On Mother’’s Day we looked at pictures of all the mothers we know in our family. The oldest picture, one of those glass plates taken in 1882, was of Jennie Sweeting, my mother’s mother’s mother’s mother. The girls noted that people in those days didn’t grin at the camera – Jennie’s features are lovely, and the corners of her mouth are way down. You wonder, what’s she thinking about?
With the picture of Jennie, we also found a record of the ten children she bore between 1884 and 1904. The ninth was the kids’ great-great grandma, Eva; the tenth was my beloved Aunt Alice, whose husband was hard on her, and her only daughter died young.
I only knew Alice when she was frail and bent from decades of secretarial work. Other than her great warm love for us nephews, I think her life alone in Fresno was meager.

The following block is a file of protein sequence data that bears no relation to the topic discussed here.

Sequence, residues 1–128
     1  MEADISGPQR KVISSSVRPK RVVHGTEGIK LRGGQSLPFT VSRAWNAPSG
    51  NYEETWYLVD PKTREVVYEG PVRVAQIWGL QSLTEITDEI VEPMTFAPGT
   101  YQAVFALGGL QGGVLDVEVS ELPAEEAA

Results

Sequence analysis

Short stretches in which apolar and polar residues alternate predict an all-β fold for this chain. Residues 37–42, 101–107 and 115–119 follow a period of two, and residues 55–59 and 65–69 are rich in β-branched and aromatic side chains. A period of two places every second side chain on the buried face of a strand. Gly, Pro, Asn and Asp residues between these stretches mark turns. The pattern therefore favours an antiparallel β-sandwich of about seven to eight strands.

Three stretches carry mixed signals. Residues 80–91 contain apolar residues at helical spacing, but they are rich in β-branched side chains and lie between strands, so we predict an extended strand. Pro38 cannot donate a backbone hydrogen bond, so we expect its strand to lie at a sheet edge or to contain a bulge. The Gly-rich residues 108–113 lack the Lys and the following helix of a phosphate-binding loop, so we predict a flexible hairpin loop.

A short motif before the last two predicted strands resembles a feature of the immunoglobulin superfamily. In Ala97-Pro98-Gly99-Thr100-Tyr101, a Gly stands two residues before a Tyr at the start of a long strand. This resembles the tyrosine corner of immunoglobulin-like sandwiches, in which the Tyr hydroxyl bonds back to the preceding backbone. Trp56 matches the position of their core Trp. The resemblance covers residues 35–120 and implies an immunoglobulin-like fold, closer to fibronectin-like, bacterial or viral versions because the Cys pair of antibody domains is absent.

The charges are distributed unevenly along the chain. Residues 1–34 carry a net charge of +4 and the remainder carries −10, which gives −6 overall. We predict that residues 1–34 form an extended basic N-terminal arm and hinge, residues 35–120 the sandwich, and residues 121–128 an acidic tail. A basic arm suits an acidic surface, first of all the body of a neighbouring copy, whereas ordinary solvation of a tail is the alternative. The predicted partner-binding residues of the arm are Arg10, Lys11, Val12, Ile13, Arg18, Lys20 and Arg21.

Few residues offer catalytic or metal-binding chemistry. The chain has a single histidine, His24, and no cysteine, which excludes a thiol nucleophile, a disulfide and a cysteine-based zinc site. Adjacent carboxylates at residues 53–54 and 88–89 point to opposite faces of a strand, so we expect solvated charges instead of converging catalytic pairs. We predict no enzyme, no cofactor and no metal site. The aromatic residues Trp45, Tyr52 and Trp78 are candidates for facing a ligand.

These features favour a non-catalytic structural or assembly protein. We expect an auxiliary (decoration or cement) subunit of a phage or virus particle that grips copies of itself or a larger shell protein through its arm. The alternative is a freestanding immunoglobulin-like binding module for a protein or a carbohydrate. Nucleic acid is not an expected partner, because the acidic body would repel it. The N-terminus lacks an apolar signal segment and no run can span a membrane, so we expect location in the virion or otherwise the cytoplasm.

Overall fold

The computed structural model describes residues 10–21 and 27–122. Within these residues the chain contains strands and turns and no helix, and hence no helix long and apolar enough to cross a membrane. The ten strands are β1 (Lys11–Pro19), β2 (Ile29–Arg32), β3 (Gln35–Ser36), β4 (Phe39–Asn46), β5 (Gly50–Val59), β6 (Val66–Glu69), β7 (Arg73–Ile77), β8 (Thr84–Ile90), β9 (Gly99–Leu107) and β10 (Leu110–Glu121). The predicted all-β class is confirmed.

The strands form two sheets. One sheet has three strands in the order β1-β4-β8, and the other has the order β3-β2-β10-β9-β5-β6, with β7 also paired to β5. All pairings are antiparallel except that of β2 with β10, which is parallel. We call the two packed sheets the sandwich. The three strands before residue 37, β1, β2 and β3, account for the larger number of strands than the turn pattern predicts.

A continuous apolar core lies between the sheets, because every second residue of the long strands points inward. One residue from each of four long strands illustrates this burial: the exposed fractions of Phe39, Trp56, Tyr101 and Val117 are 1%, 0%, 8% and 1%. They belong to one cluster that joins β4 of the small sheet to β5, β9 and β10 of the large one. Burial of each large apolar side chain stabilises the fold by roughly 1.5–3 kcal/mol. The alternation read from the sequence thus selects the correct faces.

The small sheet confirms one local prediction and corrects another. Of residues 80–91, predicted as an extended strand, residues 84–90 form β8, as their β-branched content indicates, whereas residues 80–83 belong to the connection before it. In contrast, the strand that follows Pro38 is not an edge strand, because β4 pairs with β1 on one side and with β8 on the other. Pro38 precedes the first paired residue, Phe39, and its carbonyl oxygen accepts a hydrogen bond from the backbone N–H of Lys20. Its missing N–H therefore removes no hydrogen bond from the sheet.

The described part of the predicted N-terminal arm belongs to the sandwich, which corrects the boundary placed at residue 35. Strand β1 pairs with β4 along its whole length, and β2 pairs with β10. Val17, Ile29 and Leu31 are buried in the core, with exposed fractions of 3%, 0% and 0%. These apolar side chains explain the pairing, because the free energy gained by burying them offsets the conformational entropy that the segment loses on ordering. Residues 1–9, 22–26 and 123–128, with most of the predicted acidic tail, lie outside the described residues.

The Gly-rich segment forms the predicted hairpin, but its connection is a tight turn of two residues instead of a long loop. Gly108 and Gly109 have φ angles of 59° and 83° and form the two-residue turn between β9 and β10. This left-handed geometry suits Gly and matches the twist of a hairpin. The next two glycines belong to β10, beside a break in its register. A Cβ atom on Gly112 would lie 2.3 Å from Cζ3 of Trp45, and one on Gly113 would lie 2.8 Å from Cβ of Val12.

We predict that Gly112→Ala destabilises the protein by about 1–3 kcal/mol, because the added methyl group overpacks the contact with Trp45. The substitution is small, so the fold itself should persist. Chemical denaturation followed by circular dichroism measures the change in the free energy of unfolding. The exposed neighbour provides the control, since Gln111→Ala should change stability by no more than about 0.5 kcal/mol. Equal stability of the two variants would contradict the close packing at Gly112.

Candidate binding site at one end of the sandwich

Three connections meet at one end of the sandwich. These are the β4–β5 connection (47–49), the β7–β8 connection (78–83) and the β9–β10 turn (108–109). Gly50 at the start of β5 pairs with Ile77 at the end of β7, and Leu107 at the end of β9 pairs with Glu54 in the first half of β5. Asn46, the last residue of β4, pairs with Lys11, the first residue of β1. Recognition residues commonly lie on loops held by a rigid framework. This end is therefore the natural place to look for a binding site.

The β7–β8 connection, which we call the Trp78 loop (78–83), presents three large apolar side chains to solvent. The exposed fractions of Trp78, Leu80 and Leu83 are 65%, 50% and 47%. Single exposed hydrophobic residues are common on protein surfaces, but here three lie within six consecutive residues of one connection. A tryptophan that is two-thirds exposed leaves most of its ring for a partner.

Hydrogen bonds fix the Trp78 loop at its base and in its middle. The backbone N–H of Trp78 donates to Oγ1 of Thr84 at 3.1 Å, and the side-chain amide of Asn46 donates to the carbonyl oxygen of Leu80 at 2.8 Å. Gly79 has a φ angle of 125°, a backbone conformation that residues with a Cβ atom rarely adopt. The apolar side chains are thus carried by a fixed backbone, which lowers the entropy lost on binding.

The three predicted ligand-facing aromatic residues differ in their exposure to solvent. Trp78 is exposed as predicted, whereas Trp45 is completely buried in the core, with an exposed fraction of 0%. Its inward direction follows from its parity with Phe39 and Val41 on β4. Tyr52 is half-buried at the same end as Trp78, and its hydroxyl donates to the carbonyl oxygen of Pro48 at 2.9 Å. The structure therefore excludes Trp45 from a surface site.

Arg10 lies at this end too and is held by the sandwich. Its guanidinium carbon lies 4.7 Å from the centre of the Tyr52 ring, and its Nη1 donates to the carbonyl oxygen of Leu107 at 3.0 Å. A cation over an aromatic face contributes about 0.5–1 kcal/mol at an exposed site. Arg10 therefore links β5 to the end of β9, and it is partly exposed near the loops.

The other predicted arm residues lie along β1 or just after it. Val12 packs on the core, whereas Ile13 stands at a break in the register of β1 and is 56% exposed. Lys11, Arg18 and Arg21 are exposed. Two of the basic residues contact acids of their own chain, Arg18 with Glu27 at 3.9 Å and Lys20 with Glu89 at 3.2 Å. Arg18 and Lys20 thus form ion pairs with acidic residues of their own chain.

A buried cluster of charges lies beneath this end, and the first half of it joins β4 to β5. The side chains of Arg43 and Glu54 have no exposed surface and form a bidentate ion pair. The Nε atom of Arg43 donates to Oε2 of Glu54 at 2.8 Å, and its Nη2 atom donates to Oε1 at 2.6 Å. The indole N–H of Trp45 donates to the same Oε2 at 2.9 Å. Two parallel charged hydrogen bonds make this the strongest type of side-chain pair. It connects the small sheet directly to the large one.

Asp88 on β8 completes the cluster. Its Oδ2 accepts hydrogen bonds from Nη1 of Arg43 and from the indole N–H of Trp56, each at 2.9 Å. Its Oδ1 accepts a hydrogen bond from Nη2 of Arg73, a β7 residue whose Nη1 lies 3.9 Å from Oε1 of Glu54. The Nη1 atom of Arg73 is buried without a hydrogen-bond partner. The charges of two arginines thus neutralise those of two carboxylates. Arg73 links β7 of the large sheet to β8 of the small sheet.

And all we knew of Jennie, before this week, was my grandma’s memory of her as a tiny old woman who couldn’t get out of bed for the last 10 or 15 years of her life, after the family lost their farm in the Depression.
We had never seen or thought of her as a young woman. We never thought before about her plans and dreams. Now we do wonder about her life on the farm with our grandfather Frank; those 20 years of bearing children continually. And what would Jennie make of my girls, her great-great-great-granddaughters?
It made us feel grateful and gave us a lot to think about.